This is an interesting account of a very obscure battle. The author works very hard to place the events in context, discussing the prewar history of slave rebellion and Southern attitudes towards Blacks, and after recounting the battle itself she spends a lot of time discussing the impact of the battle on the larger issues in the war, and even afterwards. She even spends some time discussing the treatment of the battle at the Vicksburg National Battlefield Park, given that there can't be any monument or whatever at the actual site of the battle. It washed away some years ago, when the Mississippi changed course.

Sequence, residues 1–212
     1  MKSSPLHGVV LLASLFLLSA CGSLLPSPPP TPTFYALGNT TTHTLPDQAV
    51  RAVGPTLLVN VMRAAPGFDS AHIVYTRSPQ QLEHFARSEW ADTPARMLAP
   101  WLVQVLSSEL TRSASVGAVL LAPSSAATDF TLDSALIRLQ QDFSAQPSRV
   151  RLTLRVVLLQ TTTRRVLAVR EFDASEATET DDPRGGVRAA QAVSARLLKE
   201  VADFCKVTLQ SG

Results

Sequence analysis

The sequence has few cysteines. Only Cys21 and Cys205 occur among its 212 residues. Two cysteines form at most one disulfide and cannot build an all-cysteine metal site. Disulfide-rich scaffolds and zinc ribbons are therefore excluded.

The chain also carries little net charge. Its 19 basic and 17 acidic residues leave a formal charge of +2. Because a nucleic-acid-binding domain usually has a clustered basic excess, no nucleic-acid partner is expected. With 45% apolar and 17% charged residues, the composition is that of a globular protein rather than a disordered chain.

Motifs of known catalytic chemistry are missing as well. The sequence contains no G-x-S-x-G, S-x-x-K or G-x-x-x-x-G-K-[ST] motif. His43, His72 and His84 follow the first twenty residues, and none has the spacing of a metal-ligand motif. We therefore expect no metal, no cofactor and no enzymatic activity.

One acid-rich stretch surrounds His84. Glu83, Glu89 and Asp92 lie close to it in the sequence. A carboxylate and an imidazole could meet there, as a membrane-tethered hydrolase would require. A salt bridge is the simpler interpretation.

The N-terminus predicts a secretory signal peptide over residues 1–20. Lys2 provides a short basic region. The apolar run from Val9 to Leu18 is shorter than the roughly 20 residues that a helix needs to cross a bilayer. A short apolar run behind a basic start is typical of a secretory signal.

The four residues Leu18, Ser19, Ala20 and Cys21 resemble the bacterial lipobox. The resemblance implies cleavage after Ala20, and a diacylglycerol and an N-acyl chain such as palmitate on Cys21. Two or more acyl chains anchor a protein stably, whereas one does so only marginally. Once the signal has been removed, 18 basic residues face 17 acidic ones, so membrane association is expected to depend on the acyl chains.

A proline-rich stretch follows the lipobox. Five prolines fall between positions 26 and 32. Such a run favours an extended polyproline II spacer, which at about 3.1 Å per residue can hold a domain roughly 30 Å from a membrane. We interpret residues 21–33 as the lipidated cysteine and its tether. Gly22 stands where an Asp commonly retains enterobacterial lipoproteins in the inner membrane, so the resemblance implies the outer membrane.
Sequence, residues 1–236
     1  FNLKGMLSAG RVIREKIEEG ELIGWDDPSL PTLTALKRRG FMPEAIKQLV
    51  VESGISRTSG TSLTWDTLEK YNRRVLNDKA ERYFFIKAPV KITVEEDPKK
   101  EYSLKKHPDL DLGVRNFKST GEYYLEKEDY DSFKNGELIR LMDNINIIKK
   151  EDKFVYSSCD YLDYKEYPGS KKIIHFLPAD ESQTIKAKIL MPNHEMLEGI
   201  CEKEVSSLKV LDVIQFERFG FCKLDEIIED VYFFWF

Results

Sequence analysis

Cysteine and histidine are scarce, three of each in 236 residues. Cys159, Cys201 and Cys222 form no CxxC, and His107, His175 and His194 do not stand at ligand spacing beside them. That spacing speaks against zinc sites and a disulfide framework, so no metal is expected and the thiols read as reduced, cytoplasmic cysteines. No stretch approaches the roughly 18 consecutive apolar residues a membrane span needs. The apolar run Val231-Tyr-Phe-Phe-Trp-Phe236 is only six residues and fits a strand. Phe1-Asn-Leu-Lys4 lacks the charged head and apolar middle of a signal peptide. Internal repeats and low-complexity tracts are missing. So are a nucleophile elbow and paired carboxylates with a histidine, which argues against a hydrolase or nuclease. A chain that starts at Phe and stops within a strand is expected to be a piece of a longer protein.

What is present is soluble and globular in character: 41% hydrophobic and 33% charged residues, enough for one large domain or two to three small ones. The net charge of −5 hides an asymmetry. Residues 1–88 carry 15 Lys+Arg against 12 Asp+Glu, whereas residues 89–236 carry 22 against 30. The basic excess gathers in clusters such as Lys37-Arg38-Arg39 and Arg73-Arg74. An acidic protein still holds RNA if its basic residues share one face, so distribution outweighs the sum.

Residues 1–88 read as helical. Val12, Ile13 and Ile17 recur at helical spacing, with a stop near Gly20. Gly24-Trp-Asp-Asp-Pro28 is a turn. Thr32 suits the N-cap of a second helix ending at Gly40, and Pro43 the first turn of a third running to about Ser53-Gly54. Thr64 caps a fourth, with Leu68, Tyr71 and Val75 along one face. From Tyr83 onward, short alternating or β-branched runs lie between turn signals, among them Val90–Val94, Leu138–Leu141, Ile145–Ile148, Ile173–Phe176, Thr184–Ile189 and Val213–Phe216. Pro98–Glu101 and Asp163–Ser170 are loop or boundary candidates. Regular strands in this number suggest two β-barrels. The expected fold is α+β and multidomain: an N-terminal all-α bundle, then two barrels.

By June 1863, the United States government had reluctantly accepted the idea of "African Descent" regiments, even though the government, the army and the public had little confidence in their fighting ability. Battery Wagner, Port Hudson and Milliken's Bend answered questions about these unit's willingness and ability to fight. The 54th Massachusetts Infantry was comprised of Northern Afro-Americans, the majority of whom had been born free, many of its' members came from middle or upper-middle class families. The "colored troops" at Port Hudson contained a number of elite New Orleans Afro-American families, individuals of mixed race and Freeman fighting as part of a larger "white" army. At Milliken's Bend, regiments of former slaves with little training fought almost alone. The movie Glory introduced the 54th Massachusetts Infantry to the public. Port Hudson, an integral part of the campaign to secure the Mississippi River is well covered. The Mississippi River washed away the Milliken's Bend battlefield as historians overlooked it. Milliken's Bend is a hard fought battle for no good reasons without any affect on the Vicksburg Campaign. Fought almost entirely by Afro-Americans, it had no strong voice in post-war writings. As such, this battle largely disappeared from the war's history. Interest in the USCT pulled the battle back on stage and Linda Barnickle is turning a spotlight on it. There is battle history and there is social history. While a popular idea, mixing the two seldom works well. This book mixes them into a very interesting and comprehensive military/social history that is both enjoyable and informative. The military aspect of recruiting officers and men, their training and the battle is excellent. While the emphasis is on the Union Afro-American units, the author never forgets the Confederates. The reader will have a good grasp of both sides of the battle neither side being reduced to window-dressing. This leads to a detailed and understandable account of the battle. As social history, the author fairly presents the feelings of the North and the South about Afro-Americans and using them as soldiers. For the South, fighting armed former slaves presented a complex legal, moral and emotional problem. One chapter takes a detailed look at Southern treatment of POWs and the North's exploitation of rumors. This is a balanced and carefully detailed examination of this question with surprising results. This chapter alone is worth the price of the book. The author tends to overstate the impact of the USCT on ending the POW exchanges. This is a common failing and more people need to read While in the Hands of the Enemy: Military Prisons of the Civil War for a complete picture. The maps are sufficient. The illustrations are at the end of the text. The appendixes are worth reading and supportive of the text. Endnotes, Bibliography and index complete the book. The book is from LSU Press ensuring a quality physical book for a gift or to keep.